Concerning the geniality of presidents, the "average American" can be logically refuted, though actually he can not be changed. From a small schoolboy, he has been taught to respect the President, particularly the dead Presidents, and the text writers have taken to heart as nobody else has the ancient injunction, de mortuis nil nisi bonum. The harsh, violent Jackson recedes and the thoughtful liberal, Jackson emerges at the hands of a liberal modern historian. So no matter how reviled the live politician, the dead president is revered.

As Professor Charles Bear pointed out once, the authors of the Constitution and most early Americans were not so sure of the automatic virtue of the President. Wrote Hamilton in Number 22 of The Federalist, "In republics, persons elevated from the mass of the community, by the suffrages of their fellow-citizens, to great stations of preeminence and power, may find compensations for betraying their trust. . . . Hence it is that history furnishes us with so many mortifying examples of the prevalency of foreign corruption in republican government." And American history since Hamilton shows that this suspicion was justified to some extent. In The Republic Beard concludes that "with few exceptions, the great political scandals. . .have appeared in the Executive Department, not the Legislative Department." [ Charles Beard, The Republic (New York: The Jiking Press, 1943), p. 202.]

Indeed, when it came time to explain why the President was not given complete power to make treaties with foreign powers, Hamilton wrote, in Number 75 of The Federalist, "The history of human conduct does not warrant that exalted opinion of human virtue which would make it wise in a nation to commit interest of so delicate and momentous a kind, as those which concern its intercourse with the rest of the world, to the sole disposal of a magistrate created and circumstanced as would be the President of the United States."

We need not rest with theoretical writings, no matter how sound. Just before the Civil War, it might have happened that a President was elected who had confederate sympathies and who might in a subsequent conflict have joined his interests with the seceding states against a presumed majority; who would have been the traitor, who the would-be dictator, if the secession had been made unnecessary by his partisanship with the confederate cause?

Franklin D. Roosevelt would probably have gone as President for so long as he lived , a kind of American salazar as the ideas of the New Deal receded in originality and importance in the new America.

We may recall the peculiar circumstances of American relations with the Soviet Union during and just after World War II and their relation to presidential politics and candidates. Henry Wallace was dropped from the Democratic ticket in 1944 in favor of Harry Truman. Of course, Wallace would have become President in 1945 upon President Roosvelt's death if he had been kept on the ticket. Wallace subsequently ran against Truman in 1948 as the presidential candidate of the Progressive Party. The American Communist Party played a leading role in the Progressive Party. Obviously, Wallace in 1948 was not the same Wallace as in 1944 or 1940. Obviously, Wallace himself was not a communist. But our "obvious" is not so obvious to a great many people who watched the same events. And perhaps the point on which we may all agree here is that presidential personalities can play strange roles. Therefore, the script must be tight and the stage management close.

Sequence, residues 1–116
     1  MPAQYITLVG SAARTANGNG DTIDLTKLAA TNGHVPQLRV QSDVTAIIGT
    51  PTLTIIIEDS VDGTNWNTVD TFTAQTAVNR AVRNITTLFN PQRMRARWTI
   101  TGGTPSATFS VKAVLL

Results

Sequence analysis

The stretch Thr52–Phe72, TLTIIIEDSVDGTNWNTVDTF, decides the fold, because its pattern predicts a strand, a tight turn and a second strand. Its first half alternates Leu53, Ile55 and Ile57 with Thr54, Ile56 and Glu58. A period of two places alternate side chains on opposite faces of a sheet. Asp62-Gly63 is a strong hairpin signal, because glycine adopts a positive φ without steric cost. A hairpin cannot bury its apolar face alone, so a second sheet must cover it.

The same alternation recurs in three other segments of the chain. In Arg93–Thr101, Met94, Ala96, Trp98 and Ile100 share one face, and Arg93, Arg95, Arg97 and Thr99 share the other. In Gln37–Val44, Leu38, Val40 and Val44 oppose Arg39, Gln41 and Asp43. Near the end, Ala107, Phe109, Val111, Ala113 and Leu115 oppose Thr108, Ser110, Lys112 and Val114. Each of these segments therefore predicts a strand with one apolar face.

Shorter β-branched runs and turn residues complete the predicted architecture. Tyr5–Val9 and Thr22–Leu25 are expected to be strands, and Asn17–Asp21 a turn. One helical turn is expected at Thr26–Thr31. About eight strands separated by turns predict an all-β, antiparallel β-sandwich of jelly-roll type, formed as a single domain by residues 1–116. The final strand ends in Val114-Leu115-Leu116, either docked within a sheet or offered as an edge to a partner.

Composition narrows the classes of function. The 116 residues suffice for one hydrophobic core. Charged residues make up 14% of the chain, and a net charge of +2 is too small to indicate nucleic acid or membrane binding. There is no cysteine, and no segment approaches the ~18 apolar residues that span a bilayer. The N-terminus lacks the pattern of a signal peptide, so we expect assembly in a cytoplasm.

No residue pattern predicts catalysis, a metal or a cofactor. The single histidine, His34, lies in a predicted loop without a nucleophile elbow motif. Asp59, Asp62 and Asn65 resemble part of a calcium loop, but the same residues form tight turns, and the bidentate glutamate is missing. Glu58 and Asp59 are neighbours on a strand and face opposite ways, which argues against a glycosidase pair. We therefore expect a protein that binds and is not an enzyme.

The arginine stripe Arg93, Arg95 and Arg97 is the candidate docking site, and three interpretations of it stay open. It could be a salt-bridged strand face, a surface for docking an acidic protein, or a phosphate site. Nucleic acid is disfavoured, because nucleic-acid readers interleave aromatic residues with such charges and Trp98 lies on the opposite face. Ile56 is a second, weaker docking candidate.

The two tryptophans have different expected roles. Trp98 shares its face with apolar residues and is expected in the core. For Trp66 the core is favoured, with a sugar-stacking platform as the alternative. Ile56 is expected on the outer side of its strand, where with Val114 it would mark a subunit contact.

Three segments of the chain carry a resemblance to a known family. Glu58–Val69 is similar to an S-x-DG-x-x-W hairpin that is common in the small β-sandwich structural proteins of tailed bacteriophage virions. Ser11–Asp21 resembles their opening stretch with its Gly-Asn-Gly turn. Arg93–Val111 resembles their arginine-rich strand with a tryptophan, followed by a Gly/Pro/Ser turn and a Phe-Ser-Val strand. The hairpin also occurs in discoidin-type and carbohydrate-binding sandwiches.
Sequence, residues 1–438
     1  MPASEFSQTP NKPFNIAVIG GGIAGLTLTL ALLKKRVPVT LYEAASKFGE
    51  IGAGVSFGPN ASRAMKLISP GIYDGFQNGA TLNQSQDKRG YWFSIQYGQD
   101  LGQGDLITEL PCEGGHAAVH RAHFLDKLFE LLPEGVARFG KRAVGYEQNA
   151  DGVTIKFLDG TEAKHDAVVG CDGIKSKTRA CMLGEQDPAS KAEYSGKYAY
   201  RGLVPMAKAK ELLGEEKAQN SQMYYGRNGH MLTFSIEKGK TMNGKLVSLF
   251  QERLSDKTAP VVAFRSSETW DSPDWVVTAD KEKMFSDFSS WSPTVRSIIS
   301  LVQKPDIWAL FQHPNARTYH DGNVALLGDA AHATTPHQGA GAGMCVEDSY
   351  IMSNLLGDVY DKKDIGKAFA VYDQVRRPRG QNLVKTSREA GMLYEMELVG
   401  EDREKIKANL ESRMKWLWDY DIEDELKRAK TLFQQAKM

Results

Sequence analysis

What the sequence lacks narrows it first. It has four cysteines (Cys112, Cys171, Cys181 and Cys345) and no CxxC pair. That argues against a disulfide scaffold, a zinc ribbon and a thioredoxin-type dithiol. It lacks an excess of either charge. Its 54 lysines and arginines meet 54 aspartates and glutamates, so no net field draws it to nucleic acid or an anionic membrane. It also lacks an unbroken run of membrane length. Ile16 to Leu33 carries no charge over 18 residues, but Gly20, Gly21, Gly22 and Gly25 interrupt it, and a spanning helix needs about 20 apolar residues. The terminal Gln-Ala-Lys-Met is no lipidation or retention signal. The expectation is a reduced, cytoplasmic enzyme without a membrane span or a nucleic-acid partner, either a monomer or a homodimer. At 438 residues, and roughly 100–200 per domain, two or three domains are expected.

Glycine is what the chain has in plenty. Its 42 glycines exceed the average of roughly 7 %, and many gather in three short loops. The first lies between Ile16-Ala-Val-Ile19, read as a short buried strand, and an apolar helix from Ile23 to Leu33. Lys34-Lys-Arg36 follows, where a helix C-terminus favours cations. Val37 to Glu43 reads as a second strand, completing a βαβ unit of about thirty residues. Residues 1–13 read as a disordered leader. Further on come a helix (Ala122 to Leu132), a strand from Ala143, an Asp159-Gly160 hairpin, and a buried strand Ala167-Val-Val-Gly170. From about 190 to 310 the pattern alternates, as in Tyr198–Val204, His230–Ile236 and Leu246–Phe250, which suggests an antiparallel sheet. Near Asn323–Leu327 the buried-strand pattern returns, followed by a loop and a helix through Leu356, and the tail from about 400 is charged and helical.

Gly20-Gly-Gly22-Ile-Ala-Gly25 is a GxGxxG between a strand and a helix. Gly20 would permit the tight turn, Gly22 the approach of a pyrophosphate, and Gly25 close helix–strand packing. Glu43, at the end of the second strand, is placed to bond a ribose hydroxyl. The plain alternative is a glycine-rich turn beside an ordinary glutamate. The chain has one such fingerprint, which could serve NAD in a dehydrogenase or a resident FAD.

And then there was Aaron Burr. His name rings ominously in American ears. They must remember who he was. He was a man of "impeccable" background, intelligent, well-educated, son of a University President and minister, handsome, adroit in human relations, admired by men for his virility, courage and skill, and by women for his courtliness and sweetness of disposition.

He tied Jefferson in the vote for President of the United States, and was eliminated only after unprincipled bargaining that might have elected as well as defeated him. He thereafter seems to have engaged in a conspiracy to seize the western territories of the United States and to form a new nation with himself as President. Tried by the Supreme Court for treason he was acquitted for lack of two witnesses to the overt act. The founding fathers, in their anxiety to protect the rights of individuals at the bar made it difficult to accomplish full protection against treasonable officials, even though they may have perceived such possibilities.

Thus, the average American, thinking of past Presidents, exercises a selective memory. With historians to help him, he represses unfavorable experiences. Not so much the Southerner, who has had them in unerasable abundance. It is simple to educate a Southerner to the dangers of presidential tyranny because he believes that his ancestors were suppressed under Lincoln, and to a lesser degree under other Northern Presidents.